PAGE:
While the two airlines are broadly optimistic after an increase in bookings, both voiced concerns about the potential impact of the Omicron variant.
This was enough to help send the stock prices of easyJet and SAS down by around 3% in early trading to 488p and SEK1.26, respectively.
EasyJet revealed a headline pre-tax loss of £1.1bn ($1.5bn) for the year ending 30 September 2021 – higher than the last year’s £835m loss.
The Luton-based airline said it was too soon to say what impact Omicron would have on European travel but insisted it had prepared itself for such periods of uncertainty.
CEO Johan Lundgren said the company had enjoyed an encouraging start to the year, with capacity in the fourth quarter of 2022 expected to be close to full-year 2019 levels.
“We remain mindful that many uncertainties remain as we navigate the winter, but we see a unique opportunity for easyJet to win customers and take market share from rivals in this period,” he said.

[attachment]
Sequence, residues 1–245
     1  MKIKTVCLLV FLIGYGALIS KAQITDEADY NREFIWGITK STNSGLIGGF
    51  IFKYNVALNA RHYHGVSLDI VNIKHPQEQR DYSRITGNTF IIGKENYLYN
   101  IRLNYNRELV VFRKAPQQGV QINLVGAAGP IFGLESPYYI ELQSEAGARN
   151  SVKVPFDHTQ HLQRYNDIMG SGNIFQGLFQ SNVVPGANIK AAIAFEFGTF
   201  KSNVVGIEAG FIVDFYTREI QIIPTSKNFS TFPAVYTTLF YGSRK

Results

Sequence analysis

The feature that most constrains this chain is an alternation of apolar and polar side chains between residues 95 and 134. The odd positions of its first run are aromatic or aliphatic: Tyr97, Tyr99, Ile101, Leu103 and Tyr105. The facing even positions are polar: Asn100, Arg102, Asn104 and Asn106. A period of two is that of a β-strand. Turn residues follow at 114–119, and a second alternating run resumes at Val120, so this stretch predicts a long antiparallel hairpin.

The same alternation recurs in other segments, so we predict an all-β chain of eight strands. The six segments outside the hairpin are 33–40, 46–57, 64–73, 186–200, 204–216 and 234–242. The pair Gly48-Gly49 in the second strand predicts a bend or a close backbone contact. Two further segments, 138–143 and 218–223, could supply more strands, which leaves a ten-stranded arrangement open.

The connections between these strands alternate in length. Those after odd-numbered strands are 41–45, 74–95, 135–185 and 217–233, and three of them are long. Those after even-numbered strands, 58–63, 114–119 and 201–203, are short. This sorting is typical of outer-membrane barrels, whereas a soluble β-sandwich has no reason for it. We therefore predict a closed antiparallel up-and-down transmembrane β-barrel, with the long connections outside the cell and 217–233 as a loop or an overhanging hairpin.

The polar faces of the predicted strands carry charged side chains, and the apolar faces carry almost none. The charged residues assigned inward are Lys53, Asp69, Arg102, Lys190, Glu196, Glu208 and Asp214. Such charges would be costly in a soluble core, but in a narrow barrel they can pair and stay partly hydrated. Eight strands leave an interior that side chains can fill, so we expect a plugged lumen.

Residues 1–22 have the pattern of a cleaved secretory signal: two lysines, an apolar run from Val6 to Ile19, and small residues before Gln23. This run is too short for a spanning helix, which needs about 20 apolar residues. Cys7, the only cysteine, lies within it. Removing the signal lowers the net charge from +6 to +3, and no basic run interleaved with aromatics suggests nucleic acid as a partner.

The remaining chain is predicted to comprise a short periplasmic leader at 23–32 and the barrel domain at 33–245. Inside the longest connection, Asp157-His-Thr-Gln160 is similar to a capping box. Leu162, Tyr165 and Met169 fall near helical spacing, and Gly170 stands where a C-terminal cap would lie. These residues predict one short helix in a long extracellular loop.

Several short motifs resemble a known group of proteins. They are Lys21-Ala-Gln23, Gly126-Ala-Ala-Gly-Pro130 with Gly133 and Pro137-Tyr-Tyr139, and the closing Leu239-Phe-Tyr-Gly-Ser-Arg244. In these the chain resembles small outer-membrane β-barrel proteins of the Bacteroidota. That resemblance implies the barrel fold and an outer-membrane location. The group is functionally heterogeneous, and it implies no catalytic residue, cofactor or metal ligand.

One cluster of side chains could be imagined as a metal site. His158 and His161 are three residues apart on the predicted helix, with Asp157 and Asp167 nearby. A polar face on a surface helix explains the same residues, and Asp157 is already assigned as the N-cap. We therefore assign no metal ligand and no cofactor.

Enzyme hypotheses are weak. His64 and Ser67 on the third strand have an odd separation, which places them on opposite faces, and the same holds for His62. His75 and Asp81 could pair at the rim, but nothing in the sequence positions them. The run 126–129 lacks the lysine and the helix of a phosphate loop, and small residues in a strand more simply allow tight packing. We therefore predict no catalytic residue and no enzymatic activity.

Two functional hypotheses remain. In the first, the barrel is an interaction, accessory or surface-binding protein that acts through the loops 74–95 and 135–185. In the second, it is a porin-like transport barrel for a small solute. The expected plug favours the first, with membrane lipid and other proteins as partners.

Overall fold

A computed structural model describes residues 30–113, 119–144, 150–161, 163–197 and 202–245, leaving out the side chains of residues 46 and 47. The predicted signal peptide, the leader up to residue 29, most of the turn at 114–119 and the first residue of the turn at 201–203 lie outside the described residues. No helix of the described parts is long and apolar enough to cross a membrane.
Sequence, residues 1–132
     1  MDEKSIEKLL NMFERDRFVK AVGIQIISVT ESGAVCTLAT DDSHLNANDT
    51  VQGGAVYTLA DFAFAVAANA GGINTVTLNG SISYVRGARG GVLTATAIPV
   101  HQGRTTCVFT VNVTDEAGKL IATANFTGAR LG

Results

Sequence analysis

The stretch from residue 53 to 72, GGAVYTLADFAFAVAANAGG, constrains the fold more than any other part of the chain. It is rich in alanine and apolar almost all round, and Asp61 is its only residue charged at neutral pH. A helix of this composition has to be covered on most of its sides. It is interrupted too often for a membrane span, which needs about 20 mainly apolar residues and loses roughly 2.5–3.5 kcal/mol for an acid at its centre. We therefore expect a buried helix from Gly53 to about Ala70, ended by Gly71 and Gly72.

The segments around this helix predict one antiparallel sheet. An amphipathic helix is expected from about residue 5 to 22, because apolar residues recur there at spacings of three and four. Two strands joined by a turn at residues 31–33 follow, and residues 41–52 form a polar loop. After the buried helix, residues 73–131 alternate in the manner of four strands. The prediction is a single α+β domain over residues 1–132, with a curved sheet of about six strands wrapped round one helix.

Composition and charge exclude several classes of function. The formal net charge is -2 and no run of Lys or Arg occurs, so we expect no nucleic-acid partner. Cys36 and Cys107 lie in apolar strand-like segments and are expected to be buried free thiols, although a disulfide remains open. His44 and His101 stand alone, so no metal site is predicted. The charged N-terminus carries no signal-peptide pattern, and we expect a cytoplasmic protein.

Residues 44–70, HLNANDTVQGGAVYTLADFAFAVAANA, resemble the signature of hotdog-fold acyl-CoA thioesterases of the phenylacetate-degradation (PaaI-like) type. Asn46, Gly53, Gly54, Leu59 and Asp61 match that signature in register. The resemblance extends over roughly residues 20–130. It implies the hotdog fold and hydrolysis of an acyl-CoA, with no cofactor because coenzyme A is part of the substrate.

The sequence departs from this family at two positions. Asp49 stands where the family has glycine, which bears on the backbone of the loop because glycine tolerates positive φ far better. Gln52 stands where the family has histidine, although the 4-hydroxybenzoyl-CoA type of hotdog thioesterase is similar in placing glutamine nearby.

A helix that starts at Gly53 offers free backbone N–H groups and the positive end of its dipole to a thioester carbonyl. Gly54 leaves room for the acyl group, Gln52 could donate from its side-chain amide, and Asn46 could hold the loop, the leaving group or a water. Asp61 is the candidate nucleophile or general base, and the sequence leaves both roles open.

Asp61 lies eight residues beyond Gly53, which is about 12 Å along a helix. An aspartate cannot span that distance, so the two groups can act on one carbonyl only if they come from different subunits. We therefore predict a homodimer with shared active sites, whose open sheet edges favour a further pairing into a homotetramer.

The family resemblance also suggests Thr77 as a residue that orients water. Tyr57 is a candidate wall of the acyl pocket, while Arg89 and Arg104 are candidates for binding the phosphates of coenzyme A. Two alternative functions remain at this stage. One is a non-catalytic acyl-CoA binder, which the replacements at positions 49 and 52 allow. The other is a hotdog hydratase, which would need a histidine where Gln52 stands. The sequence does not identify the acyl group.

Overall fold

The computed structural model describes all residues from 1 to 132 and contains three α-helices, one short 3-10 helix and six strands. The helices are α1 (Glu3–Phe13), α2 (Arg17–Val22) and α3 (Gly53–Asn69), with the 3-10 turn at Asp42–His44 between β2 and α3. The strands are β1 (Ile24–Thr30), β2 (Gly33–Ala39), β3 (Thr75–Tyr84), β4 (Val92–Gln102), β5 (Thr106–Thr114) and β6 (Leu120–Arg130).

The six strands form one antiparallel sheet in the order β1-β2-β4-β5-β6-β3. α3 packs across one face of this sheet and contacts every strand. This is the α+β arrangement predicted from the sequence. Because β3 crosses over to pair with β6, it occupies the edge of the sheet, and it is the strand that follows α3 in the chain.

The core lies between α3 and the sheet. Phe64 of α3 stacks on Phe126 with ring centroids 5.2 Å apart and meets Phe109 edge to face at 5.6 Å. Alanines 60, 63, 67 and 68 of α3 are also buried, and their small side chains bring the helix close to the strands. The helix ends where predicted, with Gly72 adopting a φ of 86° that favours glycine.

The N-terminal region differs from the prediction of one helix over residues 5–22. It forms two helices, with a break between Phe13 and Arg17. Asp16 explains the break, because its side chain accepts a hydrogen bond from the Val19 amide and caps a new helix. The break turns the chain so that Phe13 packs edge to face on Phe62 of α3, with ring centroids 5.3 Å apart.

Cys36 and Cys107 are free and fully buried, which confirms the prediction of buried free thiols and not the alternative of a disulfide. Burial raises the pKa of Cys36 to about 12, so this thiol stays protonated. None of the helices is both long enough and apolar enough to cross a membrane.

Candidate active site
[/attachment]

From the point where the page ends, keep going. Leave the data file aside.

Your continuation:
SAS reported narrowing losses for the fourth quarter of SEK945m ($104.3m) – down from SEK3.25bn in the same period last year – with revenue rising to SEK5.7bn from SEK3.03bn.
In a statement, Anko van der Werff, president and CEO of SAS, said it was encouraging to note the continued positive trend from the summer, with demand and ticket sales rising.
“However, 2021 was one of the most challenging years in the history of the aviation industry and the future remains hard to predict, primarily due to challenges connected to the ongoing pandemic,” he added.
Reality of industry
EasyJet’s £1.1bn pre-tax loss makes for uncomfortable reading, but that’s the “stark reality” of the airline industry at present, according to Russ Mould, investment director at AJ Bell.
“Capacity remains restrained as travel restrictions have prevented airline operators from truly being able to make the most of the post-lockdown pent-up demand from consumers to get outside and see the world again,” he said.
However, Gerald Khoo, an analyst at Liberum, believes easyJet’s results were in line for what should hopefully be the worst period of the pandemic.
“It’s too soon to tell what impact Omicron will have on travel restrictions, but easyJet has the balance sheet strength to deal with such a challenge,” he said. “Summer 2022 bookings are ahead of 2019 levels, but modest in absolute terms.”